In all my years as a practicing diviner I have encountered Opira only once, and I sincerely hope to never see it again. It was somewhere in the 1990’s, when a truly gorgeous young woman of 22 years (let’s call her Patricia) came for divination, sent by one of my regular clients who was very worried about her. Patricia, who was profoundly depressed, was under all kinds of psychiatric treatment and in various therapies – one of the symptoms was that she had no self-esteem at all. At a certain moment she said: “Jaap, it seems that all men want to have sex with me, and I don’t care. So if you want me, just say so and you can have me”.

Ignoring the testosterone gushing through my veins I told her of the strict taboo on sex between diviner and client, so we changed the subject and began the divination. Opira appeared, and quite a lot of subsequent information. She didn’t stand a snowball’s chance in hell: nothing could really be done for her. Of course I wrapped it up somewhat nicer, gave her all possible advice I could, and asked Ifa if any ebo could be made to help her… but no: she had almost reached the end of her allotted time here on earth. Couple of hours later she left, somewhat less depressed on account of our nice talk and even smiling every now and then, but when I watched her disappear down the street I knew I saw a dead woman walking. Three weeks later I received the message that she had killed herself. Patricia, even after so many years I think of you often…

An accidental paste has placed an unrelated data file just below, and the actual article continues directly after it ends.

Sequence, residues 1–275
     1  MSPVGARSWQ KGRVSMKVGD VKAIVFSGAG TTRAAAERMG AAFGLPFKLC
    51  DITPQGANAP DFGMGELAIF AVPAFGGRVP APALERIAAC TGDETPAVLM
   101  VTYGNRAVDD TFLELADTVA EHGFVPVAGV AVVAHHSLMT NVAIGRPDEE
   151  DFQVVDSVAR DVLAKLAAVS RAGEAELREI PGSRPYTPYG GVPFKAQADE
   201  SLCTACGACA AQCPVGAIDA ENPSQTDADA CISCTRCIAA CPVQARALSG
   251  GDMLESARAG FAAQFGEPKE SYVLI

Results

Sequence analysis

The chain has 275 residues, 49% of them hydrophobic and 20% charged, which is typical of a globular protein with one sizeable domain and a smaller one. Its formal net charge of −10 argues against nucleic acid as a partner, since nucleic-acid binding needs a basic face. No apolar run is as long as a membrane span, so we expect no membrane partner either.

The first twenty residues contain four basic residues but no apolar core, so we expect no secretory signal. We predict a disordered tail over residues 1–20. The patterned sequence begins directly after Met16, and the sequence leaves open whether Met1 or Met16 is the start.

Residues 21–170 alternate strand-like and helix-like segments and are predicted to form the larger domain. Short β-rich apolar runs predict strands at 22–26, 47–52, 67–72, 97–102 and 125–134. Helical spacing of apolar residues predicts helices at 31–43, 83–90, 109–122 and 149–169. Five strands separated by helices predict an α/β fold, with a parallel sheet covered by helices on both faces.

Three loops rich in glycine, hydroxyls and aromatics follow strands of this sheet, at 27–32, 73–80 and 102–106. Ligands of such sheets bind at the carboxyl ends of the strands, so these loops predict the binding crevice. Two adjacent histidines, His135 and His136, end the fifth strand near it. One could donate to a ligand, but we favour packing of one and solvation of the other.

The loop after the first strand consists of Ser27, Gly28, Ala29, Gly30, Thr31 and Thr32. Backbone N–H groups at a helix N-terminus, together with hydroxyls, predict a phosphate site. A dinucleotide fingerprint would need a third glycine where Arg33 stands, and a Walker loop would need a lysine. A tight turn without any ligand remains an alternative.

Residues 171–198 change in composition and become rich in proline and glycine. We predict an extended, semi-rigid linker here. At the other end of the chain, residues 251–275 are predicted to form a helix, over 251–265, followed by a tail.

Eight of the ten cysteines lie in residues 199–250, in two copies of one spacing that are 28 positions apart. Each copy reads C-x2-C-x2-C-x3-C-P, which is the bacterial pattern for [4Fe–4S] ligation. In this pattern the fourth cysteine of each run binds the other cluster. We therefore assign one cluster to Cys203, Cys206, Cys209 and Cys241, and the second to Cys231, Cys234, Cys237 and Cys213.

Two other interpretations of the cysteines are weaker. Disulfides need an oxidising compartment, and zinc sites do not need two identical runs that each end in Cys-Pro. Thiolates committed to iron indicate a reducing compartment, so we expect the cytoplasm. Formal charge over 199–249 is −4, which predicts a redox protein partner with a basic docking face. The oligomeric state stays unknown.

Yes, I did make the offering to the Earth on her behalf, but sometimes you know that the end of the road has been reached.

Opira IS a part of Ifa!

Opira is definitely part of Ifa, and as such it should be taken extremely serious in those rare cases when it appears. Thanks to Olodumare they are very rare! And no, it doesn’t by definition have to be fatal… but sometimes even the best priest stands empty-handed.

Ifa Divination Lesson 13

January 18, 2016 by · 4 Comments
Filed under: Ifa divination lessons 


Sacrifice – what to do or not to do?


In Ifa philosophy, lifestyle and divination, the concept of sacrifice plays an immensely important role. The concept is not particularly difficult to grasp: if you want to get something out of Nature you need to give something back. Otherwise there will be a vacuum which Nature abhors, so you’d better fill it up with something you can afford to donate, or Nature will take over and fill the vacuum with something you might not be able to afford to part with. I don’t mean that you should become paranoid – I simply indicate that in Ifa balance is a big thing, which the clever practitioner tends to be aware of.